After Four “Surreal” Seasons of Soccer at La Salle, Mizael Harris Heads to Augsburg University


Lukas Werner

In his free time, senior Mizael Harris enjoys playing FIFA at home, as well as jumping on trampolines. “Whenever I see a trampoline, I have to go jump on it,” he said.

Mary Loeb, Editor in Chief

Senior Mizael Harris’ first memories of soccer date back to age three, when he spent weekends playing at the Tualatin Indoor Soccer Arena, as well as lessons on how to dribble from his grandpa. 

“I’ve always loved it,” he said. “I think I just really liked playing with my feet. It’s a lot different from other sports.”

Since his introduction to the sport, Harris has gone on to play in three state championship games, travel to Spain to compete in tournaments, and form various connections with coaches and teammates that have only encouraged his love for the game.

Next year, Harris aims to continue his soccer career at Augsburg University in Minneapolis, Minnesota, becoming part of a select group of seniors at La Salle who are showcased in The Falconer’s Next Level Seniors series.

The fields at Tualatin Indoor Soccer Arena where Harris first learned to play have remained in his life, as he has returned to the arena to work as an instructor for younger children. Here, Harris teaches kids how to dribble and juggle, and “basically [tells] kids what to do,” he said.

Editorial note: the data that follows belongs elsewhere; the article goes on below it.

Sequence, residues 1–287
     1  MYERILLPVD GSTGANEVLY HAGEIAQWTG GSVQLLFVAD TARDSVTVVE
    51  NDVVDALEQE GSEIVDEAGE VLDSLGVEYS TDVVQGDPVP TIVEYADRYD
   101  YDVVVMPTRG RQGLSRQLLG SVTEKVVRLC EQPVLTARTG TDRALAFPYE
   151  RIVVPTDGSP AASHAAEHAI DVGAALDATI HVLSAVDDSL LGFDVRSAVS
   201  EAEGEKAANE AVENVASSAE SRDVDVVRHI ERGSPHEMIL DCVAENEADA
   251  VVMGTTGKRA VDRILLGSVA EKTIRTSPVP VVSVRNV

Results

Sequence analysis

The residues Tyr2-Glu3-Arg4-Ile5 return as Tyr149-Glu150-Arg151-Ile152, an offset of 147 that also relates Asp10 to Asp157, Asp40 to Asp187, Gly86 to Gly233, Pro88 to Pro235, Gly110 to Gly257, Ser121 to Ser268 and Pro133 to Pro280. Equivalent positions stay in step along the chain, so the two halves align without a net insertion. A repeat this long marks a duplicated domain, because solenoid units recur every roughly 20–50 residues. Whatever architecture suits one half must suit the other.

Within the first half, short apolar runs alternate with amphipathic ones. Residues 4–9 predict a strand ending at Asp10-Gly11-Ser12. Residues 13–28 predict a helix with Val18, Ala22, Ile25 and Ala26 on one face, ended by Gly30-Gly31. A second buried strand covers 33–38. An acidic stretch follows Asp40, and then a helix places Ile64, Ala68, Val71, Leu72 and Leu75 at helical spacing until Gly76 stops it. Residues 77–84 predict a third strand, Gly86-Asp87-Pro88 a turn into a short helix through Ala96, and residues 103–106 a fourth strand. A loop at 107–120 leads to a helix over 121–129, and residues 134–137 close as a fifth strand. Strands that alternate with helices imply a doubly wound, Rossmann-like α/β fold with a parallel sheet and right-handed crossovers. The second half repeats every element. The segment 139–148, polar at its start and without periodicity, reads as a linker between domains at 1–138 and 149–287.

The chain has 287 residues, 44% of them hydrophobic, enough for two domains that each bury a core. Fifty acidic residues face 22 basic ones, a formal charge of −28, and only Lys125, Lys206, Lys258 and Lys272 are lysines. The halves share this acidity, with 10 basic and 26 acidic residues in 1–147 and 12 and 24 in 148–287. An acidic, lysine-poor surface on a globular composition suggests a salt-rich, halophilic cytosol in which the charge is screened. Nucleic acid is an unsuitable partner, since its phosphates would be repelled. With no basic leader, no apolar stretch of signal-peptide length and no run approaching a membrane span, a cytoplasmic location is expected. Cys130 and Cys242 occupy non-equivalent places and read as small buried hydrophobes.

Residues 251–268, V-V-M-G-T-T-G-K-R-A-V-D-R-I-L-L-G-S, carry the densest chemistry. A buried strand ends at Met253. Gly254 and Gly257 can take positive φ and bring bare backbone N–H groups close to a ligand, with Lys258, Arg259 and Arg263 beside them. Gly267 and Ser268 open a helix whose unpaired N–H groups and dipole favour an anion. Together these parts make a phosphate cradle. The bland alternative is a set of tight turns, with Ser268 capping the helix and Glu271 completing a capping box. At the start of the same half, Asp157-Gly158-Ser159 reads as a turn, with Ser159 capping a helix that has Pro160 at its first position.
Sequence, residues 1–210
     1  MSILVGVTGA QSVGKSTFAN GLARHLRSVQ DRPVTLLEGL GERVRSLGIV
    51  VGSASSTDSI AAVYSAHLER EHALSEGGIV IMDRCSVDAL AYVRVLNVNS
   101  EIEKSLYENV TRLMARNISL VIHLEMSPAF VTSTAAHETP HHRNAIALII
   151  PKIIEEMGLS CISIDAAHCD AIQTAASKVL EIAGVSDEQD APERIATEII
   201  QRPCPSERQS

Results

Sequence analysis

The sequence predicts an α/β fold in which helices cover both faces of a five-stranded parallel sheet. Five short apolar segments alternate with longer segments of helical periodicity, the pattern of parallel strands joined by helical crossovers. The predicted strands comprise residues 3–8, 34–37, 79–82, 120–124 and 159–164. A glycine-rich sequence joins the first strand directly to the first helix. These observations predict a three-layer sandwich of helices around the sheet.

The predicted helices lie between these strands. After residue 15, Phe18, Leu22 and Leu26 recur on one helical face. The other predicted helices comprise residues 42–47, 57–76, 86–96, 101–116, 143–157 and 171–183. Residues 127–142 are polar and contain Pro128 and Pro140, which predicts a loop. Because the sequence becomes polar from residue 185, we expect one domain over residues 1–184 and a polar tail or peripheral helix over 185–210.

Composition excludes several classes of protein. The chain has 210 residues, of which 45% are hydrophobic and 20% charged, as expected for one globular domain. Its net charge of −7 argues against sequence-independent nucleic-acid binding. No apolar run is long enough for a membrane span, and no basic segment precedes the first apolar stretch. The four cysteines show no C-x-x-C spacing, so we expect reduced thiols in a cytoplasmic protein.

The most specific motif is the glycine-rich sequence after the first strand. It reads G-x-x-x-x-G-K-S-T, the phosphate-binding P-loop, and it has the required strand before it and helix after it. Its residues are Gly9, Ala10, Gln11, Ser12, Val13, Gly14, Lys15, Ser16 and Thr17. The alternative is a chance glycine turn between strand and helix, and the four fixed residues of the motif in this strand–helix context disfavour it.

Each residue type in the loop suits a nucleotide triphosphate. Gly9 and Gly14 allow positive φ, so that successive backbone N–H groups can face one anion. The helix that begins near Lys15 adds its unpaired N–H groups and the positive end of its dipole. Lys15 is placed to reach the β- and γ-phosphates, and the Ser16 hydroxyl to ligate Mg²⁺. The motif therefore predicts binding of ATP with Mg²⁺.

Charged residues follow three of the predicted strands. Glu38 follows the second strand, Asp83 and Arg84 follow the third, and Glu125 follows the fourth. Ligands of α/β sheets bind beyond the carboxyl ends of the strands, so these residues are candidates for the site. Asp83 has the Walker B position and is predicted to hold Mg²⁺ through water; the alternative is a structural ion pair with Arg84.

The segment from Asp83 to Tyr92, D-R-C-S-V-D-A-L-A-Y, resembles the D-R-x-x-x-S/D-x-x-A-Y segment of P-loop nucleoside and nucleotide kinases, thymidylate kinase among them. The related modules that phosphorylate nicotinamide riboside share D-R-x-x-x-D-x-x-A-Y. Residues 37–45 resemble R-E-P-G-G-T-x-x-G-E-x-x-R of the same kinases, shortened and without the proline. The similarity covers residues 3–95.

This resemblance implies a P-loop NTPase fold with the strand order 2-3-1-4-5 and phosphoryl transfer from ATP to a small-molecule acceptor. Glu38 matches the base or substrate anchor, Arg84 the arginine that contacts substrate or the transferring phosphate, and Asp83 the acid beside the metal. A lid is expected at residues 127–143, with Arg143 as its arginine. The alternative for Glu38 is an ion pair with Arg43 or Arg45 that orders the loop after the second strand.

“When I was three, I obviously didn’t know what I was doing, really,” Harris said. “But as I grew older, maybe when I hit eight or nine, I started to really like it… I guess around that age I started really wanting to play more.”

Harris now plays club soccer for Portland City United, as well as having been part of La Salle’s soccer program for all four years of high school. Now, Harris recognizes Mr. Seth Altshuler, former counselor and head coach of the boys varsity soccer team, as a person of great influence for him. 

“He was a little intimidating at first, because he works everybody really hard,” Harris said. “But as I got to know him — and he’s obviously a counselor, too, so it’s really easy to talk to him — he really taught me a lot about what I can do better.”

Even though Mr. Altshuler departed from La Salle at the end of Harris’ sophomore year, during the time Mr. Alshuler served as his coach, “he helped me like soccer that much more,” Harris said. “And also, he always wanted me to go play soccer somewhere else and explore the world.”

While Harris has also played basketball recreationally, forming a CYO team with several friends a few years ago, soccer has always been his main sport. His favorite part of soccer has been “being able to play with my team,” he said. 

In times of hesitation about wanting to continue with soccer, Harris said that it was his friends who kept bringing him back to games and practices. Next year, four of Harris’ current teammates will accompany him to Augsburg University to play with him in college. 

“I guess going to college is a little bit scary, because I won’t know as many people,” Harris said. However, he predicts that “being able to play with my team and have fun with them” will continue to be one of his most treasured parts of the sport.